Without fail these conversations would be carried on until well past sunrise. Him bending my words and flat out lying about what had happened… I still don’t know what would have satisfied him, but I tried everything.
Without fail these conversations would eventually turn into fights because I couldn’t give him what he wanted or needed to hear and I would get frustrated and confused.
I felt trapped by his expectations and didn’t know what to say or do to make it better. I was willing to do or say almost anything to make him trust me.
Without fail he would make me feel guilty for the whole ordeal, for making him feel insecure, for giving him the impression that I cheated, for instigating the eventual fights. 
And without fail I would end up apologising to him for doing all of that to him.

I felt so inadequate, as if I was letting him down, as if I was being a bad girlfriend, partner and even person for giving him reason to doubt me.

Between the all nighters when I tried to calm him down through the night, the paranoia about my phone and iPad, and the fear of talking in my sleep I didn’t sleep anymore. I simply couldn’t, but meanwhile, during the day I was jumping through hoops to prove to him that I wanted to make it work.
I made things for him and his family, spending literally well over a 100 hours in a couple of weeks trying to prove my dedication to him.

None of it worked.

Our last fight lasted from bedtime until 8 o’clock the next morning.
At that point I was willing to offer to completely stop having any and all contact with the friend I had had that coffee-and-awkward-moment with.
Before I was able to make that offer my abuser demanded I cut off all contact with that friend.
I suddenly realised how slippery of a slope that was.
It was this friend at that moment, but the next week it could be my co-worker that I liked talking to, or the next month someone I met with the same interests as I have.
Even though I was willing to offer the exact same thing, it was not his right to expect, let alone demand it.
The fact that he did was what caused me to pack my stuff and leave.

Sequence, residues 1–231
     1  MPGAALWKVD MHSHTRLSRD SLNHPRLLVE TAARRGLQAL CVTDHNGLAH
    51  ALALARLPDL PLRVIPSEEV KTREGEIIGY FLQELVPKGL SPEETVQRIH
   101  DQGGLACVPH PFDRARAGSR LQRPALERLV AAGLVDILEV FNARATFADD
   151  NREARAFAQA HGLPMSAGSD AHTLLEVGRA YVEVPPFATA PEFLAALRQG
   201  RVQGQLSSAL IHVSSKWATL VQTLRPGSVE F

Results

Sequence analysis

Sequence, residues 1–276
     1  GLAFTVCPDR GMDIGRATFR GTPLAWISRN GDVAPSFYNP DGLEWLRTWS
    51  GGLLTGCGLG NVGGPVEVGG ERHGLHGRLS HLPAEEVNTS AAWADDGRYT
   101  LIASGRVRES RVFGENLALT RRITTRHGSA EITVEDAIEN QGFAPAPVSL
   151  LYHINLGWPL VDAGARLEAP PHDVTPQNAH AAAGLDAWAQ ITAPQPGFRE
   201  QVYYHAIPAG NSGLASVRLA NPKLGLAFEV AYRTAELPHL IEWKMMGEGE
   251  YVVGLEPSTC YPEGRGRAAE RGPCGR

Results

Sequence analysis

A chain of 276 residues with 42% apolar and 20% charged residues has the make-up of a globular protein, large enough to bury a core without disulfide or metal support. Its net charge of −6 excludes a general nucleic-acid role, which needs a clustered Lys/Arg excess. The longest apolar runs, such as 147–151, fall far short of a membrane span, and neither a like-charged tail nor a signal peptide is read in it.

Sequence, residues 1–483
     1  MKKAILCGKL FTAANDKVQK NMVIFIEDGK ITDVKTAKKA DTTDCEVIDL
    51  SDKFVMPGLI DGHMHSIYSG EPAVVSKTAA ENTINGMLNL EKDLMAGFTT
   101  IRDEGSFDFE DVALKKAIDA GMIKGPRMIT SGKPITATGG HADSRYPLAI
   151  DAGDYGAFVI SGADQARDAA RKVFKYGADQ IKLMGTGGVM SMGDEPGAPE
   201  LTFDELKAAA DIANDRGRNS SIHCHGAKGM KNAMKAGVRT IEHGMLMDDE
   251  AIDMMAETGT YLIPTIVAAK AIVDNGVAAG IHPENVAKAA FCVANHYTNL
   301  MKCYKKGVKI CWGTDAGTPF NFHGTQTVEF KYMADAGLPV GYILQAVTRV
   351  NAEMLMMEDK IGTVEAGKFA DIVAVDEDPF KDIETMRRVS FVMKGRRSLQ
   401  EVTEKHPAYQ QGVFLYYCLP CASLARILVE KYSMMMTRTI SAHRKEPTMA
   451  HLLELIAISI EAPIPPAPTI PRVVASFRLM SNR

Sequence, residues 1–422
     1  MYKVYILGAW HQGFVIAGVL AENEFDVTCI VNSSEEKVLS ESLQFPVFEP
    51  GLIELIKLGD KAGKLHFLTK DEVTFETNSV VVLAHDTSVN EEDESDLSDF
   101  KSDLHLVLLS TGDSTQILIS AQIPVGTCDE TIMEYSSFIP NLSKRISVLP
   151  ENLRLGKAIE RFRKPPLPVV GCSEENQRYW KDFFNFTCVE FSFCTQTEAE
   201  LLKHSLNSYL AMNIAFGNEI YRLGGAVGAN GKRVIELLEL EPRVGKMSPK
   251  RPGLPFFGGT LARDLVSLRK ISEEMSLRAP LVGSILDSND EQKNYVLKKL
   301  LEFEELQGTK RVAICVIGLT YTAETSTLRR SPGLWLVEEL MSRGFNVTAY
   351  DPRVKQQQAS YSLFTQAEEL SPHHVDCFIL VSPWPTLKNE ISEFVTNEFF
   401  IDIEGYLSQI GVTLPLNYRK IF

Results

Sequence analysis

Saturday morning, 8AM, without any sleep, but with a car full of my stuff I drove back to the city in which I was born.
I was heartbroken, and at the same time I felt like he was better off without me because I was causing him to doubt my loyalty.
I felt as if I could never be good enough for him, or make him feel secure, and that would mean that I would perpetually fail him.


The Story

The aftermath

The aftermath is lengthy and complicated.

My abuser had had the keys to my house and could have easily made a copy.
I was still too scared to sleep, even in my own bed.
I didn’t want to change the locks, because that would mean letting him influence my life by changing something for him, but with the original locks I was afraid he would just barge in.

I had lost touch with almost all of my friends because of what I now realise was my abuser manipulating me into a bubble of social isolation.
I had virtually no one to call on for simple socialising, just the few good friends who knew all the ins and outs.
I had virtually no one to hang out with without my relationship taking center stage.

A month or so after I left my abuser I was sat at work, a co-worker needed some explanation and sat down at my desk. He moved my phone a bit to the side so he had room to put his arms down next to my keyboard.
I had a panic attack when he touched (not even picking it up) my phone for less than a second.
After that experience I wouldn’t let my phone out of sight or even away from my physical control, either holding it or carrying it on my body.

Between the insomnia, the psychological stress, the panic attacks at work, some residual physical health issues and a severe depression I couldn’t keep my job.
I contacted my ex, stating that I lost my job and that I couldn’t pay him back any time soon. He was fine with that.

By the time the anxiety and the depression subsided I finally went to visit a few trusted friends again, but I would often leave my phone at home (in spite of my phones having been an extension of me for years). I preferred the inconvenience of not carrying my phone to the thought that someone might gain access to it.
One close friend comes to mind, one I trusted with my life before this whole ordeal. I would have had no issues leaving my devices unlocked in his presence, I would have trusted him with every bit of information in the world. He never would even have thought about looking at my phone.